Genomes of the Rich and Famous
The prospect of biotechnology companies capitalizing on genetic information in order to develop profitable products without properly compensating the studied populations brings to mind biocolonialism, in which politically and economically vulnerable indigenous groups are exploited. But a growing convergence of genomics and information technology may lead, ironically, to the genetic "exploitation" of society's most elite.
A new brief by the ETC Group on the rapidly growing direct-to-consumer genetic testing industry asserts that the genomic data - which clients pay handsomely to have taken from them - will likely be correlated with health data in order to develop new products:
[T]the information gleaned from most genetic tests has very limited use for patients, but it is extremely valuable to companies and researchers trying to establish links between medical conditions and genetic variations, enabling - they hope - the development of drugs targeted to people with specific genetic profiles. In the shorter term, drugs that have been taken off the market due to unexpected adverse reactions in a small percentage of the population could be re-marketed as personalized drugs, intended only for those with the appropriate genetic profile. Through clever (and often misleading) marketing, some companies are persuading consumers to pay for storage of genetic data and health information, which the companies intend to use (e.g., sell) for research and drug development.
The highest profile company in this field is 23andMe, backed by Google both financially and maritally. It recently took the opportunity of the elite gathering, the World Economic Forum, to entice the globe's movers and shakers with one thousand free test kits and memberships. An online photo stream posted by Esther Dyson, a 23andMe investor and board member, reveals the chummy atmosphere as the saliva of the elite is collected. Shown spitting into tubes and schmoozing are the top dogs of media (from Time, the New York Times, the Financial Times), investing (Peter Thiel from Clarium Capital and formerly of PayPal), marketing (Richard Edelman of Edelman, David Kenny of Digitas/Publicis, Sir Martin Sorrell of WPP Group), infotech (Michael Dell of Dell Computers, Anatoly Karachinsky of the IBS group, Geraldine and Loic LeMeur), biotech (George Church, Linda Avey, Craig Venter), academia (Francis Collins), and pop culture (Peter Gabriel, Naomi Campbell, Goldie Hawn, Kurt Russell) .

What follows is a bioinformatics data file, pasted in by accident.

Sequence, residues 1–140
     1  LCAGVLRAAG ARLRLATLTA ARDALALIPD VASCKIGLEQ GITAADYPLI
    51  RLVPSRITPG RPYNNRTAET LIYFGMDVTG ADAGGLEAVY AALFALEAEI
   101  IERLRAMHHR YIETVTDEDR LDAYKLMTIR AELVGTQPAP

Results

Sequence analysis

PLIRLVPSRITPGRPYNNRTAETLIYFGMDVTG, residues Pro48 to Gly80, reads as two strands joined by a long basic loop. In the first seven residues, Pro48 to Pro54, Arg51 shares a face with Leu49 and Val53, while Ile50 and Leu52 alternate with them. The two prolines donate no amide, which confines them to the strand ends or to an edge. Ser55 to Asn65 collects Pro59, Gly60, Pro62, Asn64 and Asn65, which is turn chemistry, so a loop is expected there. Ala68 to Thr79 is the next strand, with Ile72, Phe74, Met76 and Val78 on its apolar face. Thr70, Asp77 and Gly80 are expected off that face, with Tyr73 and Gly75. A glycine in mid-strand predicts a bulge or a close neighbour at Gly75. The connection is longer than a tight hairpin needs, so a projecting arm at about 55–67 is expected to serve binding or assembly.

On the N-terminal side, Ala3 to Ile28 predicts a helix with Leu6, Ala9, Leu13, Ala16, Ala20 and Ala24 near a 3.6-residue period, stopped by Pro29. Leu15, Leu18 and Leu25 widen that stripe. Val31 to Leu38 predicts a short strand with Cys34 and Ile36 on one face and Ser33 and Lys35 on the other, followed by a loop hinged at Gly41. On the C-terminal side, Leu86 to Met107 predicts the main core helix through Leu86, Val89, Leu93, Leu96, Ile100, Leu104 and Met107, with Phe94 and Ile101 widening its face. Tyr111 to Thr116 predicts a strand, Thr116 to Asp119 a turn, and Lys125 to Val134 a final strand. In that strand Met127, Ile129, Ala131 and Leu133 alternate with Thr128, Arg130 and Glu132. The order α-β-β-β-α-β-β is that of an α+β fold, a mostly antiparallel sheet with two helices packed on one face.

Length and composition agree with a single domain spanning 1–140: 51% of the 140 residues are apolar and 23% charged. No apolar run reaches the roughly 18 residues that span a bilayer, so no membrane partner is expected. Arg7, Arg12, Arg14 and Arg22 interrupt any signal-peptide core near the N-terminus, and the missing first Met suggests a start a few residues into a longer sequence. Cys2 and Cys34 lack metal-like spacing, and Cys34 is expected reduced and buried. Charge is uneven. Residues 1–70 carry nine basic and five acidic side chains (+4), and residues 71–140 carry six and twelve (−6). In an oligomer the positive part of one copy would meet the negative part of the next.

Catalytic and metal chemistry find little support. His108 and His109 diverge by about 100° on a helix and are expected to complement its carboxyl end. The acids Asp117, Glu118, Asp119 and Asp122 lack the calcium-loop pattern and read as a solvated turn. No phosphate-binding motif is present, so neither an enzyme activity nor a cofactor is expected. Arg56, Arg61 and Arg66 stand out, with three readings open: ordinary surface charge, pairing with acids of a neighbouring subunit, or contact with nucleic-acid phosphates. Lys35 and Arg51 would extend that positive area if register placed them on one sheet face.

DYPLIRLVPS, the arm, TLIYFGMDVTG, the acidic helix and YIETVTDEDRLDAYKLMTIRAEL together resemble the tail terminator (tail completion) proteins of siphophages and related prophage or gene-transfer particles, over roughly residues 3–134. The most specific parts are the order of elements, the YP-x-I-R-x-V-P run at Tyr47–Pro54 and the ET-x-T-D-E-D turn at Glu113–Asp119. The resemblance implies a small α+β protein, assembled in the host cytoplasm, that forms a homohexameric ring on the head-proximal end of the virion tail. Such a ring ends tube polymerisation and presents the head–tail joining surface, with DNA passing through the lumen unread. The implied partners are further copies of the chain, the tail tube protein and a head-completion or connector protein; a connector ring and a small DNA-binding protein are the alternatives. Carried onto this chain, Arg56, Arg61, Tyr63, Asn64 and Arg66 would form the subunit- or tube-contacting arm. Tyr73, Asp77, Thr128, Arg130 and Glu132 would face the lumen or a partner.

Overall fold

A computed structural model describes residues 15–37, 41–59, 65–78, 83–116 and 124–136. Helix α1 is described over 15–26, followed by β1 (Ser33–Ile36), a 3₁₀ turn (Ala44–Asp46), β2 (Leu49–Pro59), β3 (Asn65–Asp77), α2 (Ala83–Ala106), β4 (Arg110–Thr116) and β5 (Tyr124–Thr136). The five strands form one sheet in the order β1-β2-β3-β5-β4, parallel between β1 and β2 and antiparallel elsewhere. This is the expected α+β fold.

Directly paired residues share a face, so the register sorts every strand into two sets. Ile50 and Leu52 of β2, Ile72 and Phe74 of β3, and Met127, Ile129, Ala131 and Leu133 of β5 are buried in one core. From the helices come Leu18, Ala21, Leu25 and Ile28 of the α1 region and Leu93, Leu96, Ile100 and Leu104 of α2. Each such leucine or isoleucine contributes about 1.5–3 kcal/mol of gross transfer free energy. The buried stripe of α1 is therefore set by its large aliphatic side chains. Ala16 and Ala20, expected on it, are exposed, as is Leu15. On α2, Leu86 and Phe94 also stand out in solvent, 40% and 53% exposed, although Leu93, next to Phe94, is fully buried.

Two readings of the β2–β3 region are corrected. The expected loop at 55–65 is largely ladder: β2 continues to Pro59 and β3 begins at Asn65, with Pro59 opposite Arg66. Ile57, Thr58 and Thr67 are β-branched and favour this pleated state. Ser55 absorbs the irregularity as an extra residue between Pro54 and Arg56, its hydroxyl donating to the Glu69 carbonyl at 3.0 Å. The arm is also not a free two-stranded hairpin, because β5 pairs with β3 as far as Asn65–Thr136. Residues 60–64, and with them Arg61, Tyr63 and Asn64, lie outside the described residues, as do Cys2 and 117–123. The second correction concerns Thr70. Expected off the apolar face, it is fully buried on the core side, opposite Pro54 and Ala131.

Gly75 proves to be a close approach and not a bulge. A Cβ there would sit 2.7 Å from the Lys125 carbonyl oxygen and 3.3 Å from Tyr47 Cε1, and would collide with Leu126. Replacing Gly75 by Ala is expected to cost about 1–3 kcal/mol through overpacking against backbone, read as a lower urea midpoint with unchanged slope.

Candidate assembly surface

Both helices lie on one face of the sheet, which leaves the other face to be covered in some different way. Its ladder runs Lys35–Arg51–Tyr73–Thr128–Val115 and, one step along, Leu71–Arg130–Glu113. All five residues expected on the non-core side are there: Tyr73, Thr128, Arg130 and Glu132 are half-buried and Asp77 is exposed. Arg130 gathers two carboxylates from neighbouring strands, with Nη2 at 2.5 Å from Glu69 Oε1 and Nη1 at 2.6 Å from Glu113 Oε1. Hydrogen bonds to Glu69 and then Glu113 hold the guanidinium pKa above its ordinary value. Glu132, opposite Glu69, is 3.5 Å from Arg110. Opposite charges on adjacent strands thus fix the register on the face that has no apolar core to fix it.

Not only is Google an investor in 23andMe, it is also a likely future business partner. As the ETC Group points out, the real value will come from correlating genomic data with health information. Sure enough, Google recently announced that it has entered the business of health records management. And 23andMe's privacy statement makes the possibility clear:
To achieve our research goals, 23andMe may enter into partnerships with commercial and/or non-profit organizations that conduct scientific and/or medical research. Such partnerships may allow an organization access to our databases of Genetic Information and other contributed Phenotypic Information, so that, for example, the organization can search, without knowing the identities of the individuals involved, for the correlation between presence of a particular genetic variation and a particular health condition or trait. We may receive compensation from these research partners.
Of course, the half a million SNP's offered by 23andMe - most of which are currently meaningless - for a mere thousand dollars may not meet the high expectations of today's hoity toity. Another Google-backed company, Knome, founded by Harvard's George Church (who is also an adviser to 23andMe), offers a full genome sequence - most of which is currently meaningless - for $350,000. An article in yesterday's New York Times profiled a seemingly happy customer, self-described "transhumanist" Dan Stoicescu:
"I'd rather spend my money on my genome than a Bentley or an airplane," said Mr. Stoicescu, 56, a biotechnology entrepreneur who retired two years ago after selling his company. He says he will check discoveries about genetic disease risk against his genome sequence daily, "like a stock portfolio."...
Biologists have mixed feelings about the emergence of the genome as a luxury item. Some worry that what they have dubbed "genomic elitism" could sour the public on genetic research that has long promised better, individualized health care for all. But others see the boutique genome as something like a $20 million tourist voyage to space - a necessary rite of passage for technology that may soon be within the grasp of the rest of us....
"I feel like everyone's going to have to get it done at some point, so why not be one of the first?" said Eugene Katchalov, 27, a money manager in Manhattan who has met with Mr. Conde [Knome's CEO] twice....
"What the heck am I doing?" Mr. Stoicescu recalls wondering. "And how many children in Africa might have been fed?"
Then he offered up his arm and gave her three test tubes of his blood.
Previously on Biopolitical Times:
- One gene, two genes; Red genes, blue genes
- Transhumanists as Nihilists
- PhRMA and BIO self-image: Downtrodden and besieged